Then the constant virtue will be sufficient
And you will return to being the uncarved block.

When the uncarved block shatters it becomes vessels.
The sage makes use of these and becomes the lord over the officials.

Hence the greatest cutting does not sever."
-  Translated by D. C. Lau, 1963, Chapter 28  

 

 

"Know the male,
yet keep to the female:
receive the world in your arms.
If you receive the world,
the Tao will never leave you
and you will be like a little child.

Know the white,
yet keep to the black:
be a pattern for the world.
If you are a pattern for the world,
the Tao will be strong inside you
and there will be nothing you can't do.

Know the personal,
yet keep to the impersonal:
accept the world as it is.
If you accept the world,
the Tao will be luminous inside you
and you will return to your primal self.

The world is formed from the void,
like utensils from a block of wood.
The Master knows the utensils,
yet keeps to the the block:
thus she can use all things."
-  Translated by Edwin Shaw, 1996, Chapter 28 

 

 

"He who, being a man, remains a woman, will become an universal channel.
As an universal channel the eternal virtue will never forsake him. He will re-become a child.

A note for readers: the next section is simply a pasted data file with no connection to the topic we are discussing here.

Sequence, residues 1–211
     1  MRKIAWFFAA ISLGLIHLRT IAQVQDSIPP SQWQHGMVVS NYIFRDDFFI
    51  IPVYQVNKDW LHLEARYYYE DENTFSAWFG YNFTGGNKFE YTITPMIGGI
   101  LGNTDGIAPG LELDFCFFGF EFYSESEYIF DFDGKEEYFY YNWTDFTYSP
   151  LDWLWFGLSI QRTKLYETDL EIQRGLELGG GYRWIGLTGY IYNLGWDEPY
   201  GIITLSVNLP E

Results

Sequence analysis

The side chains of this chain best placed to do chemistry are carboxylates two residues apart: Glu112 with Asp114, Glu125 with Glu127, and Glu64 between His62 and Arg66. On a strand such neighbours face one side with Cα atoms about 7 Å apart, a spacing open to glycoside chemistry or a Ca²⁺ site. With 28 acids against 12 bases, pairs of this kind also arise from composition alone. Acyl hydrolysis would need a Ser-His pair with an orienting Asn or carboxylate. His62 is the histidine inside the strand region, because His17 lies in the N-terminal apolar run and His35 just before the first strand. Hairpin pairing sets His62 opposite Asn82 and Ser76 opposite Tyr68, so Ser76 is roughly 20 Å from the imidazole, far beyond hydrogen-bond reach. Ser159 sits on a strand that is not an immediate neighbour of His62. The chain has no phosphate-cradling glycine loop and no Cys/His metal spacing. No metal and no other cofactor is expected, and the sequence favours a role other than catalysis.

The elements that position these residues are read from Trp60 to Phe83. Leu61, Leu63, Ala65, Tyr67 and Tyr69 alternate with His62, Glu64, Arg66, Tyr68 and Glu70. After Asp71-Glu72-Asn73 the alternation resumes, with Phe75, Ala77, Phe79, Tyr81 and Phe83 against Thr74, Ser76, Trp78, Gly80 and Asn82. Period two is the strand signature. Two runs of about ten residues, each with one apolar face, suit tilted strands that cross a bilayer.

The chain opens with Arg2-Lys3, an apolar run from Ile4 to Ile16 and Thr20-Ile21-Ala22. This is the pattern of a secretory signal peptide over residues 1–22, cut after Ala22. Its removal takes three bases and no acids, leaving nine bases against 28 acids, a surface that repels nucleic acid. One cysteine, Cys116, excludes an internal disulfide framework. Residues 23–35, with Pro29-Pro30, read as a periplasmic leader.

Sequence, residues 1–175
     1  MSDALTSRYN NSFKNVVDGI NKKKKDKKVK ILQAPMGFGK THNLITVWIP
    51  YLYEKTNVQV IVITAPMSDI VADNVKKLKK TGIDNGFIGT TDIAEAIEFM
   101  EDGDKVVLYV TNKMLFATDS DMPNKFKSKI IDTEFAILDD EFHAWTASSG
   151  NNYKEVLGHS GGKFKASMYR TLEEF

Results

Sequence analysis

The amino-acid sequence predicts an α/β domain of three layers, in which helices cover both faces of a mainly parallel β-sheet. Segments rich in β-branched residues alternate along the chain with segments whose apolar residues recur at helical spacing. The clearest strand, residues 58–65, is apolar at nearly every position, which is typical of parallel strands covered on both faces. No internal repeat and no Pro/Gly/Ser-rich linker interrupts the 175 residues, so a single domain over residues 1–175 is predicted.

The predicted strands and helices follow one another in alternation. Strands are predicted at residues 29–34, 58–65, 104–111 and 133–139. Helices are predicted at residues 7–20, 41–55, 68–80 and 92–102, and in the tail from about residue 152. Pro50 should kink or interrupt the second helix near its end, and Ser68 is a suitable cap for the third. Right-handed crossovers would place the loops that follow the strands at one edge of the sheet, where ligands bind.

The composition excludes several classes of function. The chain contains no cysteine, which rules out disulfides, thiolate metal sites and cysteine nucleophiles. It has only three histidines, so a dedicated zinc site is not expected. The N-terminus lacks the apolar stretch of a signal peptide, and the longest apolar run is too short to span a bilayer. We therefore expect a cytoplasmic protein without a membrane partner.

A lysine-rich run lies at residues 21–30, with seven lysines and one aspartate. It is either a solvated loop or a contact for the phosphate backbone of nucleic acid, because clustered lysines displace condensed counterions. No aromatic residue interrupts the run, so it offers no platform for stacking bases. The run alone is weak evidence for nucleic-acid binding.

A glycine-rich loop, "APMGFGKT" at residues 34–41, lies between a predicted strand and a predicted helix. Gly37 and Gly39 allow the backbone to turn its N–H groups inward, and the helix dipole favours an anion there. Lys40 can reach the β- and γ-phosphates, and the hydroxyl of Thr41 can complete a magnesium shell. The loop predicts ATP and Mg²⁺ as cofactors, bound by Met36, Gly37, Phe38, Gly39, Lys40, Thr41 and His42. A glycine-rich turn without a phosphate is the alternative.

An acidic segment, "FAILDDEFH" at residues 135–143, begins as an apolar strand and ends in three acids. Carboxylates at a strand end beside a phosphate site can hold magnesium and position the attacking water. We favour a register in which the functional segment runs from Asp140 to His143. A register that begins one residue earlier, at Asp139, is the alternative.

He who, being in the light, remains in obscurity, will become an universal model.
As an universal model the eternal virtue will not pass him by. He will go back to the all-perfect.
He who, being glorious, continues in humility, will become an universal valley.
As an universal valley the eternal virtue will fill him. He will revert to the first essence.
This first essence is that which, being differentiated, gives rise to innumerable vessels of life.
A wise man, by embracing it, becomes the wisest of governors.
A liberal government is that which neither disregards not hurts anyone."
-  Translated by Walter Gorn Old, 1904, Chapter 28 

 

 

"Celui qui connaît sa force et garde la faiblesse est la vallée de l'empire c'est-à-dire le centre où accourt tout l'empire.
S'il est la vallée de l'empire, la vertu constante ne l'abandonnera pas; il reviendra à l'état d'enfant.
Celui qui connaît ses lumières et garde les ténèbres, est le modèle de l'empire.
S'il est le modèle de l'empire, la vertu constante ne faillira pas en lui, et il reviendra au comble de la pureté.
Celui qui connaît sa gloire et garde l'ignominie est aussi la vallée de l'empire.
S'il est la vallée de l'empire, sa vertu constante atteindra la perfection et il reviendra à la simplicité parfaite au Tao.
Quand la simplicité parfaite le Tao s'est répandue, elle a formé les êtres.
Lorsque le saint homme est élevé aux emplois, il devient le chef des magistrats.
Il gouverne grandement et ne blesse personne."
-  Translated by Stanislas Julien, 1842, Chapter 28 

 

 

 

Spanish Language Versions of the Tao Te Ching (Daodejing)
Tao Te Ching en Español


Lao Tsé Tao Te Ching   Traducido al español por Anton Teplyy

Tao Te Ching   Traducido por Stephen Mitchell, versión española